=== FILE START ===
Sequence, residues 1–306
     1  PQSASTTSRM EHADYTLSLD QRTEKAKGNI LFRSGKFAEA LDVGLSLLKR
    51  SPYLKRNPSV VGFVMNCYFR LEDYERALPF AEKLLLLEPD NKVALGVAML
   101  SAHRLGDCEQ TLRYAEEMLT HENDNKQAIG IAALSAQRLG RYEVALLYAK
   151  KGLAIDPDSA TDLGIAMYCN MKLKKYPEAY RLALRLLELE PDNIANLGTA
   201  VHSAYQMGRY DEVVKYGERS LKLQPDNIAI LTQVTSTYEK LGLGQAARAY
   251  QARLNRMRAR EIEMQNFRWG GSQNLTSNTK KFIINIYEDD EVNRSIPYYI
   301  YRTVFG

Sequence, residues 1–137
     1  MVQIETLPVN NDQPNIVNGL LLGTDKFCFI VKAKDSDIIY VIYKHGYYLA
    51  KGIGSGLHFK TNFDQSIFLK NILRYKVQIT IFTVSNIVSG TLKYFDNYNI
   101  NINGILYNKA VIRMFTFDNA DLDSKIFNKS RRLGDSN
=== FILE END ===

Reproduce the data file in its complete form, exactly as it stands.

Sequence, residues 1–306
     1  PQSASTTSRM EHADYTLSLD QRTEKAKGNI LFRSGKFAEA LDVGLSLLKR
    51  SPYLKRNPSV VGFVMNCYFR LEDYERALPF AEKLLLLEPD NKVALGVAML
   101  SAHRLGDCEQ TLRYAEEMLT HENDNKQAIG IAALSAQRLG RYEVALLYAK
   151  KGLAIDPDSA TDLGIAMYCN MKLKKYPEAY RLALRLLELE PDNIANLGTA
   201  VHSAYQMGRY DEVVKYGERS LKLQPDNIAI LTQVTSTYEK LGLGQAARAY
   251  QARLNRMRAR EIEMQNFRWG GSQNLTSNTK KFIINIYEDD EVNRSIPYYI
   301  YRTVFG

Sequence, residues 1–137
     1  MVQIETLPVN NDQPNIVNGL LLGTDKFCFI VKAKDSDIIY VIYKHGYYLA
    51  KGIGSGLHFK TNFDQSIFLK NILRYKVQIT IFTVSNIVSG TLKYFDNYNI
   101  NINGILYNKA VIRMFTFDNA DLDSKIFNKS RRLGDSN